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This article was published on June 8, 2012

Create your own social games with Qmerce

Create your own social games with Qmerce

The Israeli startup Qmerce is a social games & gamification platform that offers a very simple way for anyone to develop their own casual game channels. In practical terms, it lets users develop games they can use as a social marketing tool to engage with their audience in a different way. Here’s what Qmerce’s homepage looks like:

The reason why anyone can use Qmerce is its WYSIWYG game creation wizard – a simple tool that lets users pick up the theme and elements of their choice to create a game in a matter of minutes:

Beyond default options, brands can also personalize several elements, such as banners, to create custom tournaments in which they can reward high scores with special prizes. State of NOW / #140conf is a good example of how marketers can use Qmerce. In the branded game that social media guru Jeff Pulver decided to create to promote his upcoming event, you have to race towards NYC as fast as you can to win VIP passes and plane tickets to the conference:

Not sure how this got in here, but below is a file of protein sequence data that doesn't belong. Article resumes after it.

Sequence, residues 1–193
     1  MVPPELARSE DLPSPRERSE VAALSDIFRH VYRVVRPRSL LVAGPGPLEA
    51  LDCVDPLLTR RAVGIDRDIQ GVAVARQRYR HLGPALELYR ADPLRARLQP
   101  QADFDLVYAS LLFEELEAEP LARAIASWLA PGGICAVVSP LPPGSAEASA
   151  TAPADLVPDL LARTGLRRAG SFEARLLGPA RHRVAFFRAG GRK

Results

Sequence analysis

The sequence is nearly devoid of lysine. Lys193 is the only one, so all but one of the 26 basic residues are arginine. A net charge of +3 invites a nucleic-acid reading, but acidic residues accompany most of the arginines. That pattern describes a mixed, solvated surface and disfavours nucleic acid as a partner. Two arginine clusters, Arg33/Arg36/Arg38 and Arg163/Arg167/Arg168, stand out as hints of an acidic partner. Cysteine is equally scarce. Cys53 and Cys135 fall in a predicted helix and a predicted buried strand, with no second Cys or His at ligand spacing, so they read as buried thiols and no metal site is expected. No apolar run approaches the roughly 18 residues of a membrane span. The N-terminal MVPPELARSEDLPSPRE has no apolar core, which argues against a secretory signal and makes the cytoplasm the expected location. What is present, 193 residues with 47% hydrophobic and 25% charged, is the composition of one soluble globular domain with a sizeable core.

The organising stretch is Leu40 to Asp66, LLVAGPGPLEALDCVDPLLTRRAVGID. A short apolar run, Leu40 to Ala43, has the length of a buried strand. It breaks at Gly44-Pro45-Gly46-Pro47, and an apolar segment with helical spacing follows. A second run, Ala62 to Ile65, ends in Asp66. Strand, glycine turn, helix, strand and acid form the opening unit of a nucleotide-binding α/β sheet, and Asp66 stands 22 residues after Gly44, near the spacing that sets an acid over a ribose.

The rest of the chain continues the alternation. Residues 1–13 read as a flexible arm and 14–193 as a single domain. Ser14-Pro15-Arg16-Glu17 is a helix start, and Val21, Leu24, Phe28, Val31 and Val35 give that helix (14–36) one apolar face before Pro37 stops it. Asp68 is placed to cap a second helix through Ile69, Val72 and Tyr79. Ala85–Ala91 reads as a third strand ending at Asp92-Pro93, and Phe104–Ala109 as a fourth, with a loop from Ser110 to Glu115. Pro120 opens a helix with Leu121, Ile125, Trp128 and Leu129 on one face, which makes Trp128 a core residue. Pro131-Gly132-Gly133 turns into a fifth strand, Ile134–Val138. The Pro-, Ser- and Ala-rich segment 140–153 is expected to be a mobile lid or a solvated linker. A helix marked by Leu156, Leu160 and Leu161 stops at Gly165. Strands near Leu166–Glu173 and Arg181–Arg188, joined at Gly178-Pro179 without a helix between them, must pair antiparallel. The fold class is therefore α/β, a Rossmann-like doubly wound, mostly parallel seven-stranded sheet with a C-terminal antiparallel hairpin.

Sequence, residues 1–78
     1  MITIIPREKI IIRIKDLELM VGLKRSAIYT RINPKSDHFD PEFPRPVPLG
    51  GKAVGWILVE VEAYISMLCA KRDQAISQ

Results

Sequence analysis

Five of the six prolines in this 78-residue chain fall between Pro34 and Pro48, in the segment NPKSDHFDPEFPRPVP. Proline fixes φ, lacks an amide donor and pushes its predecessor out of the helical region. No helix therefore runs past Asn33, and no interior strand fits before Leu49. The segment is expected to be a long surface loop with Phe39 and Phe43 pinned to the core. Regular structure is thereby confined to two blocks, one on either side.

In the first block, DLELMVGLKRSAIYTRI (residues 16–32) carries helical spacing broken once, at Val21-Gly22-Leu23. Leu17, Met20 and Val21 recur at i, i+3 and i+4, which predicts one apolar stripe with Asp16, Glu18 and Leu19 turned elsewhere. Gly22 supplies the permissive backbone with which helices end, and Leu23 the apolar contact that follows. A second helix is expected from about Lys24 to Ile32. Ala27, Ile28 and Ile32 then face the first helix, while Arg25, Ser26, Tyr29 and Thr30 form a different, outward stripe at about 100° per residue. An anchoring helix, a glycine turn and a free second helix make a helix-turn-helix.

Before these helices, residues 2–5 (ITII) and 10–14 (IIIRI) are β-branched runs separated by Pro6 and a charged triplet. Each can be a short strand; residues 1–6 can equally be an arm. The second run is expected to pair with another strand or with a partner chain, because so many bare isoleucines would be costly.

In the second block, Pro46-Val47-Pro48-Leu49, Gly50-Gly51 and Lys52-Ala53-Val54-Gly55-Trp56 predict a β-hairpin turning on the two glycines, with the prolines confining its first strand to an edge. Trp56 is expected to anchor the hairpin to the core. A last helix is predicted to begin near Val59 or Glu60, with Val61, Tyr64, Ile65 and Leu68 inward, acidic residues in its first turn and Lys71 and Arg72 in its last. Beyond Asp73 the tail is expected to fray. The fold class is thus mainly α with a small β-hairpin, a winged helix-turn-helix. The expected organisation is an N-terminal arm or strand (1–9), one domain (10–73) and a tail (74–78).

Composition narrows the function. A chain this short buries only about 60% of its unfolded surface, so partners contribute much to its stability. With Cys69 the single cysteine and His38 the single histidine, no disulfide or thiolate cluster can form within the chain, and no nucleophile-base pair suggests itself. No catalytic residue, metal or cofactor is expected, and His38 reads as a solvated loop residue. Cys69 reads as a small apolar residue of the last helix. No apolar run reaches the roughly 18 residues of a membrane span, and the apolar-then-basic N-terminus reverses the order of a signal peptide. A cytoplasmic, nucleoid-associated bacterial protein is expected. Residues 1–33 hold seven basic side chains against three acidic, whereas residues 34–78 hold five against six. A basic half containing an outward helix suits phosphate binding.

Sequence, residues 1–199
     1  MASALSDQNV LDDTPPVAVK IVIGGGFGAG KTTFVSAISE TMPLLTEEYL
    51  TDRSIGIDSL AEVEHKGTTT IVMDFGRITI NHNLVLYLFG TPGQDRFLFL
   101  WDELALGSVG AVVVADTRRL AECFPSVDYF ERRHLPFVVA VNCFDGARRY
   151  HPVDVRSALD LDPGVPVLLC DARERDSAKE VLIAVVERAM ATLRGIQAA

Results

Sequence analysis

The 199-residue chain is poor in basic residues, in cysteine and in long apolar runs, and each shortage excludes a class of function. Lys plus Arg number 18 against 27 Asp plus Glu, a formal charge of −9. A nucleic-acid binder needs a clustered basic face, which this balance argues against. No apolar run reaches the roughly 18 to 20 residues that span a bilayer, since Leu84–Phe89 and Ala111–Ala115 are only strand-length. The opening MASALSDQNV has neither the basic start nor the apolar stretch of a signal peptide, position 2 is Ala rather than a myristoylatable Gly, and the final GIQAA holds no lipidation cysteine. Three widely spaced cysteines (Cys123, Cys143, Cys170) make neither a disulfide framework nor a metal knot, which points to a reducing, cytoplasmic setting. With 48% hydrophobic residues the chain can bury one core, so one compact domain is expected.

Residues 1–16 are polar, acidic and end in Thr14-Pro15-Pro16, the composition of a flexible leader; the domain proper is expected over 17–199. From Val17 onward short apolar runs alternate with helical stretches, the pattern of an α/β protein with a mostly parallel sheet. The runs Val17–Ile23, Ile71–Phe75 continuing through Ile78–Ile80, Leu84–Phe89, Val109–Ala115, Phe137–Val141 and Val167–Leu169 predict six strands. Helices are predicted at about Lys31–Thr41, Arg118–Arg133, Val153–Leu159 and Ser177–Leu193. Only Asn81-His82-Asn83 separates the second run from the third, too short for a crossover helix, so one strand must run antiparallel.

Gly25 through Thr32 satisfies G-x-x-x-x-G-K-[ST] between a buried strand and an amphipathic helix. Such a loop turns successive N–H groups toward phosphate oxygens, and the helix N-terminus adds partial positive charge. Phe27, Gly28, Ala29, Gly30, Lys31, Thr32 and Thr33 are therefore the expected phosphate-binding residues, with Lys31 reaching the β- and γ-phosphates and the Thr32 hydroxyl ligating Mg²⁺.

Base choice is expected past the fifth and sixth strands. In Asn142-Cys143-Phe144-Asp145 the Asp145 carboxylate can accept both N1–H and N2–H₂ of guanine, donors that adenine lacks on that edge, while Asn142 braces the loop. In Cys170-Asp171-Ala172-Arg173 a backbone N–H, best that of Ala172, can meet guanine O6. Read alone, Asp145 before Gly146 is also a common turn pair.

From a user perspective, Qmerce games are no less entertaining and rewarding than popular casual games most of us play on Facebook. With that in mind, it’s not difficult to see how its platform could be leveraged for all sorts of promotional campaigns and appeal to companies of all sizes.

As a matter of fact, Qmerce has already attracted big brand names operating in Israel, from Pizza Hut to Crocs and Visa – either during its closed testing period or since its public beta launch last May. In total, the startup reports that “300,000 games have been published for over 375,000 players, embedded in 47 different Facebook fan pages.”

More importantly, Qmerce hopes to prove its strength as a solid marketing and engagement tool, thanks to the impressive figures it gathered by tracking the result of each game event. According to Qmerce, the average player currently spends a whopping 40 minutes per game, which sounds almost too good to be true. In total, Qmerce games were reportedly shared 20,000 times and played for more than 800,000 hours.


Image Credit / Patrick Nouhailler